Synaesthesia refers to the phenomenon where certain perceptual stimuli induce an unrelated and illusory perception - for example, a digit-color synaesthete may experience a sensation of the color green whenever exposed to the number 3. The relationships between the inducers and the induced synaesthetic experience are widely considered random; one anecodotal explanation is that letter-color synaesthesia could reflect a childhood memory of the particular colors used inrefrigerator magnet letters.
A recent Current Biology article from Kadosh, Henik and Walsh turns this common wisdom on its head. By breaking colors down into their underlying psychometric dimensions (luminance, saturation, and hue), Kadosh et al demonstrate a linear relationship between the value of a digit and the luminance of the synaesthetically-induced color, as illustrated in the graph below the fold:
By presenting colors and asking synaesthetes to select the digit most associated with those colors, Kadosh et al were able to plot synaesthetes' digit-color associations in terms of hue, saturation and luminance. Only luminance explained variance in the colors associated with particular digits.
Luminance accounts for 68% of the variance in which digits are associated with which colors in synaesthesia. Importantly, it is the cardinal value of digits which is associated with luminance; for 8 of the 19 subjects included above who also experienced day-color synaesthesia, neither luminance, brightness or hue explained variance in which day they associated with each color. This indicates that it cannot be the ordinal or sequential value of digits which generate a relationship with color, since the same would then be expected of days (especially since the Hebrew days of the week - the language in which these studies were run - can be literally translated as "first day," "second day," etc).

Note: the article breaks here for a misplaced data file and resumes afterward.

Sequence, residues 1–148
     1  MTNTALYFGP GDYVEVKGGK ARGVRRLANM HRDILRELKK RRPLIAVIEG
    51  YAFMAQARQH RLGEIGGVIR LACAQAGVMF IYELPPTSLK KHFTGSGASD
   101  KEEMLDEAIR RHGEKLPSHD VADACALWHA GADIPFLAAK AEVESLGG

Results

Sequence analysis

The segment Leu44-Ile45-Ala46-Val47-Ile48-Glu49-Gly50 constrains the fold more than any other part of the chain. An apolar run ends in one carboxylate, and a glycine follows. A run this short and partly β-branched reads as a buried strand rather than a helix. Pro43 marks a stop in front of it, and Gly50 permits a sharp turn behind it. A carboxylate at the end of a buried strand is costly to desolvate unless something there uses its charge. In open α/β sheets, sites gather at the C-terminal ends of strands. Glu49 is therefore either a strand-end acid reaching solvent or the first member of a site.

Some reports suggest that synaesthesia is more common in children, but disappears by adulthood (presumably due to neural pruning). The authors point to previous work showing that children associate small objects with brightness and large objects with darkness, similar to the relationship observed here among synaesthetic adults.
It seems unlikely to me that different forms of synaesthesia result from the same underlying cause. For example, color-grapheme synaesthesia may relate to abnormal connectivity in the temporal lobe (but see this), whereas the form described above is more likely related to parietal function, considering the magnitude-luminance relationship observed here.
R COHENKADOSH, A HENIK, V WALSH (2007). Small is bright and big is dark in synaesthesia Current Biology, 17 (19) DOI: 10.1016/j.cub.2007.07.048
As an adult with synesthesia, I am always interested in learning more about it. Thank you for the update.